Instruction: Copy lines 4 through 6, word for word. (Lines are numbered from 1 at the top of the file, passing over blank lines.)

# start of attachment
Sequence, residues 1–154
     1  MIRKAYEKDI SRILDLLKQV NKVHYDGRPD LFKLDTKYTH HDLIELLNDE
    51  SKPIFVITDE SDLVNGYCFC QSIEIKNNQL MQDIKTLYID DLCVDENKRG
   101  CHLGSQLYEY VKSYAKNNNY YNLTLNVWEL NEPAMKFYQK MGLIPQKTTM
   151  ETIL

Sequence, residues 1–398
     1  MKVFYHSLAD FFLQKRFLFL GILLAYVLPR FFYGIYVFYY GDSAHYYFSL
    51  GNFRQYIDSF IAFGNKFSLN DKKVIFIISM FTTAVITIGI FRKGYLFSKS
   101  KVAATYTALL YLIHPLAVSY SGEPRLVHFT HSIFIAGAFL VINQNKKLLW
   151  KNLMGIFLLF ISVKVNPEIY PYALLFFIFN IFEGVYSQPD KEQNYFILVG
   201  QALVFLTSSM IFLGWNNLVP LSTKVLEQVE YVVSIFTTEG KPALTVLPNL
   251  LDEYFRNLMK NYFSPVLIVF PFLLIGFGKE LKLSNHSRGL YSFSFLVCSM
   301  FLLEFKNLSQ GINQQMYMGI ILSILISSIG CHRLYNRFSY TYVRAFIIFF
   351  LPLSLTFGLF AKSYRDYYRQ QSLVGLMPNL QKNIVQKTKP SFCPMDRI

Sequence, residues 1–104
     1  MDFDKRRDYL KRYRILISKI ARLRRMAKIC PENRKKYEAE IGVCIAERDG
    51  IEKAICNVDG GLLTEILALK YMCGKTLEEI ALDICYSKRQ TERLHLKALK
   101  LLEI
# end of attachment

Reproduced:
   101  CHLGSQLYEY VKSYAKNNNY YNLTLNVWEL NEPAMKFYQK MGLIPQKTTM
   151  ETIL

Sequence, residues 1–398